Serving size

Important notice: The information on this web page is under review.

Learn about serving size in the nutrition facts table of packaged food. Find out how to use it to make informed food choices.

Information in the nutrition facts table is based on a quantity called serving size. It is listed at the top of the table.

Serving size is not necessarily the suggested quantity of food you should eat. The serving size tells you the quantity of food used to calculate the numbers in the nutrition facts table.

By checking a product's serving size, you can:

• understand how much of a nutrient you are eating
• compare calories and nutrients between 2 similar packaged food products
• compare it to the amount you actually eat

Serving size is listed in a common household measure. It also is listed in grams or millilitres depending on the type of food.

Common household measures include:

• a fraction of a food such as 1/4 pizza (90 g)
• number of pieces such as 4 crackers (20 g)
• cups, teaspoons or tablespoons (3/4 cup of yogurt [175 g] or 1 tablespoon of peanut butter [15 g] )

Using serving size to compare the amount of food you eat

You may be eating more or less than the serving size listed in the nutrition facts table. Adjust the calories and nutrients based on how much you eat.

The percent daily value (% DV) tells you if the serving size has a little or a lot of a particular nutrient.

• 5% DV or less is a little
• 15% DV or more is a lot

This applies to all nutrients with a % DV.

Take cereal with a serving size of 1/2 cup (28 g) as an example. If you eat 1 cup of cereal (56 g), double the amount of calories and nutrients.

If the amount of calories in a 1/2 cup (28 g) of cereal is 150 calories, then the amount of calories in 1 cup (56 g) of cereal is 300 calories.

If the % DV for fibre in 1/2 cup (28 g) of cereal is 7%, then the % DV for fibre in 1 cup (56 g) of cereal is 14%.

Using serving size to compare packaged food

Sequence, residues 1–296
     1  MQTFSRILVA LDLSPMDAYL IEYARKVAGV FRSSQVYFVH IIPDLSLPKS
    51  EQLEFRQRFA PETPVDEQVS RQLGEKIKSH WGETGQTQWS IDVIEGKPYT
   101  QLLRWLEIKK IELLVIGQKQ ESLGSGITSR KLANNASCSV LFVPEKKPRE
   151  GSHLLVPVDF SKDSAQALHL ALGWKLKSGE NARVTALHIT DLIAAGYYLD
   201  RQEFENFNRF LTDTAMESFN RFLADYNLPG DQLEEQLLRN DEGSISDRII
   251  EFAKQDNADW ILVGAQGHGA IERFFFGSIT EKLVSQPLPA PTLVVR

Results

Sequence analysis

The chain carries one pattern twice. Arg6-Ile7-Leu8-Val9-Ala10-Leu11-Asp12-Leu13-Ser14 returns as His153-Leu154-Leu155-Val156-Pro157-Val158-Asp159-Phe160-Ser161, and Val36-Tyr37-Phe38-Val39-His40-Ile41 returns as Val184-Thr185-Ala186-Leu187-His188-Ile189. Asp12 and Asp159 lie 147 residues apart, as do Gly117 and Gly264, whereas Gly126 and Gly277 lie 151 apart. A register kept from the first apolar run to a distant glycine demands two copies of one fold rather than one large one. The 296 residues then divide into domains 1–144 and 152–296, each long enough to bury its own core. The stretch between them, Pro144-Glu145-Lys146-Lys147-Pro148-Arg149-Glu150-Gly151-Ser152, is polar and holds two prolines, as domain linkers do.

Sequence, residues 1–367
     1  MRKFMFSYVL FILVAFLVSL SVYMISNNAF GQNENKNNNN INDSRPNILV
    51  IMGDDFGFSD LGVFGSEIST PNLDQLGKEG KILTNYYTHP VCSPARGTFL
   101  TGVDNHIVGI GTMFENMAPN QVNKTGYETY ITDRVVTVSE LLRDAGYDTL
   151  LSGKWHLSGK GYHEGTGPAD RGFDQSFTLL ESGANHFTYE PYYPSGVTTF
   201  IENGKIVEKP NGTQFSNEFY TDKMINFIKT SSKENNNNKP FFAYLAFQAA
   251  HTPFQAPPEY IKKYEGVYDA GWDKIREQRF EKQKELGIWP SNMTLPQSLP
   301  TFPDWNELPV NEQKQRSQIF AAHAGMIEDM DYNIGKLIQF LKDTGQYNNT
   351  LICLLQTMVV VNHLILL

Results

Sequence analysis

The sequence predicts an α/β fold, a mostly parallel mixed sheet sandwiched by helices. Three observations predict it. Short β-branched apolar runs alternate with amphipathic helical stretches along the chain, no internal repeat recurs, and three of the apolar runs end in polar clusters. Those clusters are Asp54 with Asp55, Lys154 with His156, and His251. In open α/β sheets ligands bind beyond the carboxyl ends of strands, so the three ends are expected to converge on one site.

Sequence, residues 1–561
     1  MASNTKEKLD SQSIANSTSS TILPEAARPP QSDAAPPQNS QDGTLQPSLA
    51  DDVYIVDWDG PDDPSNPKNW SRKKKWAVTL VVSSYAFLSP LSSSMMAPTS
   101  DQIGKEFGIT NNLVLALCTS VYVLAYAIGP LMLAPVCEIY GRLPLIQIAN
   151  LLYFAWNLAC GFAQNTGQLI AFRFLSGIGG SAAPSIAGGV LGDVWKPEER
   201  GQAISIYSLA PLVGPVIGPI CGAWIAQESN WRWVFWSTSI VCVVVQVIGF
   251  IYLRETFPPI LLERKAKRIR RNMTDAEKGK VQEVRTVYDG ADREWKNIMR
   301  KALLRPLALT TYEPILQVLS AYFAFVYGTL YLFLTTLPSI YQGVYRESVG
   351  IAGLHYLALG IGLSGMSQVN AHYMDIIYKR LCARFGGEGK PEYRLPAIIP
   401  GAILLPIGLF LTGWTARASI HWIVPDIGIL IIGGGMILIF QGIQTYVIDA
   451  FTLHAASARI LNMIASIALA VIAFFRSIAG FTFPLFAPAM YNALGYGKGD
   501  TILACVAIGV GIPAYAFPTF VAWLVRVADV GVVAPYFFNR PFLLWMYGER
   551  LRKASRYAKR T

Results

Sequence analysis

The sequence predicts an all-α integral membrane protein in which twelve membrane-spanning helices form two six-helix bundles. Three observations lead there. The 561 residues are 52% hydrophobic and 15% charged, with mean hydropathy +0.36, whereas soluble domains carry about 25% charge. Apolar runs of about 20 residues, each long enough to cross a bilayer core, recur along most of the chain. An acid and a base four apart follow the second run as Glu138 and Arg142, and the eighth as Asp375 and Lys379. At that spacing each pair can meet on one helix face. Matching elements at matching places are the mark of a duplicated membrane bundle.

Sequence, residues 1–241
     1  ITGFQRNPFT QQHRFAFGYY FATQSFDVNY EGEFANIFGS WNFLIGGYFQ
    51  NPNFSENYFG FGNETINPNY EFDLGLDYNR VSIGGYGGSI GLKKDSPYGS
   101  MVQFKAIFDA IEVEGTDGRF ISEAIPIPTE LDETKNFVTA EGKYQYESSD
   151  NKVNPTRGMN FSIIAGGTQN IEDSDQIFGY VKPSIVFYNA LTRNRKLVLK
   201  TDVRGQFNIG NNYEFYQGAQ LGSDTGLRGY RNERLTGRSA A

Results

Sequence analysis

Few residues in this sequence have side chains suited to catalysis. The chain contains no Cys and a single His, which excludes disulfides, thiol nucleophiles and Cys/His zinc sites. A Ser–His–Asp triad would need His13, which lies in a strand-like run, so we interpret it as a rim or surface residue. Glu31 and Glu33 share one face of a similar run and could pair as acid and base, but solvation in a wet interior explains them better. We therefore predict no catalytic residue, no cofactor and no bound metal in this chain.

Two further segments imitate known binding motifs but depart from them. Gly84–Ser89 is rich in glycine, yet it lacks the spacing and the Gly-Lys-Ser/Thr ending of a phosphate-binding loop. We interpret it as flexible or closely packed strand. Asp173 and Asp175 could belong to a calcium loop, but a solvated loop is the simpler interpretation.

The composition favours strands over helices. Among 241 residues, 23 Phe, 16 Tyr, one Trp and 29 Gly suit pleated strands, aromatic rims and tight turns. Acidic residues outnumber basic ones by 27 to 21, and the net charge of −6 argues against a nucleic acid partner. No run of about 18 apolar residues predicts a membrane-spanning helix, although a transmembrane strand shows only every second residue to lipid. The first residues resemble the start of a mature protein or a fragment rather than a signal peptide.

You can compare similar packaged food in different ways by using both:

• serving size
• % DV

Start by looking at the serving size for both packaged food.

Different weights with the same fraction or number of pieces

In these examples below, the fraction or the number of pieces of packaged food is the same:

Example:

• serving size for quiche A is 1/6 quiche (132 g)
• serving size for quiche B is 1/6 quiche (150 g)

Example:

• serving size for chicken nuggets A is 4 nuggets (100 g)
• serving size for chicken nuggets B is 4 nuggets (80 g)

You can compare the calories and nutrients listed in the nutrition facts table even if the weights are different.

Similar weights with a different fraction or number of pieces

In these examples below, the weights are similar:

Example:

• serving size for pizza A is 1/4 pizza (90 g)
• serving size for pizza B is 1/6 pizza (90 g)

Example:

• serving size for cracker A is 9 crackers (23g)
• serving size for cracker B is 4 crackers (20g)

You can compare the calories and nutrients listed in the nutrition facts table even if there are different:

• fractions
• number of pieces

Using serving size to compare foods for a meal

You can compare calories and nutrients based on the nutrition facts table even if the serving sizes are different.

Example:

• serving size for an English muffin is 1 English muffin (52 g)
• serving size for a bagel is 1 bagel (90 g)

You can do this because you are likely to eat the whole English muffin or the whole bagel at one meal.

By doing these comparisons you can make an informed food choice.